Mohammed Arshad's colleagues say they are 'still nervous' after his murder

By Sitala Peek
BBC News, Birmingham

image captionMr Arshad lived with his wife in Selly Park and the couple were expecting their fourth child

Private hire drivers say they are still on edge following the murder two years ago of colleague Mohammed Arshad.

Mr Arshad, a married father-of-three, from Selly Park in Birmingham, was asked to a collect a man from outside a school in Kings Norton on 22 July, 2009.

But he was stabbed and left to die in a Worcestershire country lane by passenger Andrew Bayliss, a debt-ridden warehouse worker.

'Pay bills'

Bayliss, 29, was found guilty of his murder and sentenced to 30 years in jail in April 2011.

Steve Hind, manager of A Cars in Kings Norton, said: "It's got a lot of the drivers very nervous."

More than 10% of his work force left the trade after the attack.

image captionMr Arshad was stabbed 14 times by a passenger who had planned to rob him

"There were a lot of drivers that got out of the business after that happened, we had 16 leave just from our place alone, and others left too."

Mr Arshad's co-worker Imran Ali said: "It could have been any of us that answered that call-out. I'm nervous picking strangers up, especially when it's dark.

"But you've got to pay the bills."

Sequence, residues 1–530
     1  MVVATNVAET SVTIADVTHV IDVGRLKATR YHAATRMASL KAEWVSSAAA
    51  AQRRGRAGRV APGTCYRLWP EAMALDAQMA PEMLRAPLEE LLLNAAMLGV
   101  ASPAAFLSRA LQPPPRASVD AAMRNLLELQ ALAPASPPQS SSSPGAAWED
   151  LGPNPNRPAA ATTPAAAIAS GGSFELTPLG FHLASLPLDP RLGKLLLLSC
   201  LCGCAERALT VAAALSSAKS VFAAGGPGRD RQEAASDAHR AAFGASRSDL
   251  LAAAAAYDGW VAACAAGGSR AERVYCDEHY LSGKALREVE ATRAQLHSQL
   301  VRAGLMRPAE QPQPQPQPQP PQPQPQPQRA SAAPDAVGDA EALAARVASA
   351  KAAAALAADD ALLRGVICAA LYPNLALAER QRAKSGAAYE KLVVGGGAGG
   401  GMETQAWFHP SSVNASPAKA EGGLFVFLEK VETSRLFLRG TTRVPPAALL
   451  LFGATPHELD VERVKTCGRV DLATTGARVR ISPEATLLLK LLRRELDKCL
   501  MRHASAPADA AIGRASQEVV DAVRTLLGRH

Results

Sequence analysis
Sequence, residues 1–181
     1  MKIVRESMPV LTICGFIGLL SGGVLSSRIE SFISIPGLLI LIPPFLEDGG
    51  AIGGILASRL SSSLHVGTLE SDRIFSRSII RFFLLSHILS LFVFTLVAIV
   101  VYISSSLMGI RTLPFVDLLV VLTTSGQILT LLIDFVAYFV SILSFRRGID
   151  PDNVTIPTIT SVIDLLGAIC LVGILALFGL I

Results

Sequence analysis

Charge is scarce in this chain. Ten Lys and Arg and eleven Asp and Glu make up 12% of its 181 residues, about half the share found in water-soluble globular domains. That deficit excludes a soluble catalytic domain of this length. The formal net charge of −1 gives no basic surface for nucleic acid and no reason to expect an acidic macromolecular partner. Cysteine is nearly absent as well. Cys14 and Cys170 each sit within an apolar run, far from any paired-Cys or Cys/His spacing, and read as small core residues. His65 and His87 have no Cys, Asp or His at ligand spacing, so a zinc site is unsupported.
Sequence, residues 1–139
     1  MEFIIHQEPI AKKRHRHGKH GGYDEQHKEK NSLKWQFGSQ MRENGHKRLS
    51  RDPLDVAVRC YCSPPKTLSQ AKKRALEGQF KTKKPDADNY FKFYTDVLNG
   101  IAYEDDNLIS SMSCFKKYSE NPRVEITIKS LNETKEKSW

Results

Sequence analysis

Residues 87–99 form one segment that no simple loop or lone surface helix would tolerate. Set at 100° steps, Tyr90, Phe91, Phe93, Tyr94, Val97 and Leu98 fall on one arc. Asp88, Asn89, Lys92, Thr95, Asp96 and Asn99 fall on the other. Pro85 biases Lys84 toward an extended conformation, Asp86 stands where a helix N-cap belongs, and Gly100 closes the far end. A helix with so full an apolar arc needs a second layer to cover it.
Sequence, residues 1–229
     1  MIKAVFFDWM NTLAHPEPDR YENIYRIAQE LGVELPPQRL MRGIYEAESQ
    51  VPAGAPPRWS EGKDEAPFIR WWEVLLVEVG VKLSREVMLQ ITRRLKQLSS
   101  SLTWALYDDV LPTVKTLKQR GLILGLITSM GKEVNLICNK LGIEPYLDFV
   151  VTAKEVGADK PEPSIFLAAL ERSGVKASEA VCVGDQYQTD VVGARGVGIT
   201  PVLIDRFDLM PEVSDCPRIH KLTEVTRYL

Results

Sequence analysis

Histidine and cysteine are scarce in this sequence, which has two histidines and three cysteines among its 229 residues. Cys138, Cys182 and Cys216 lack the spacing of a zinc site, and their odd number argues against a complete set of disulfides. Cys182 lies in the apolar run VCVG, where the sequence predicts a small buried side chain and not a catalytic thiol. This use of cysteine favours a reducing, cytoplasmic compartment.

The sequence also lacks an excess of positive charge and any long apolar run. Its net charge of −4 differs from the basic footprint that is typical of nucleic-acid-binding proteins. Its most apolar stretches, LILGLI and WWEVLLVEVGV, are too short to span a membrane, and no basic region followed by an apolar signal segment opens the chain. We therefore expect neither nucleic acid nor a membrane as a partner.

Mr Arshad, 36, had worked for the company for five years and was supporting relatives in the Punjab region of Pakistan.

His wife was also expecting their fourth child, when he was fatally stabbed.

Following his death, taxi drivers, council licensing authorities and the police set up West Midlands Taxi Forum to promote driver safety.

The forum plans to publish a 20-page booklet, with emergency numbers, safety tips and driver's rights, to be distributed by the seven council licensing authorities in the West Midlands.

image captionTaxi drivers in Birmingham paid silent tribute to Mr Arshad in July on the first anniversary of his death

Barry Sollinger, the vice chairman of the forum, said: "Drivers are very vulnerable. They are lone workers and people know they carry a lot of cash on them."

Taxi forum member Gilbert Parsons said private hire drivers were more vulnerable to attack because they had to park wherever they could, often in side streets.

There are about 8,500 licensed taxis in Birmingham, which is the second biggest group in England, outside of London.

'Defenceless drivers'

Mr Hind said he feels the law is often too lenient on those found guilty of attacking drivers.

He said: "We had a driver last year who had his face cut and bruised and his glasses broken. He was robbed and the thief only got a £300 fine and a slap on the wrists.

"We can't even defend ourselves because we're not allowed to carry weapons in our cabs.

"You can put a wheel brace in the boot but that's no good when someone is attacking you in the front."

West Midlands Police said it took all robberies and assaults seriously and urged anyone who had been attacked to report it.

It said it was the responsibility of taxi firms to train drivers in safe practices.

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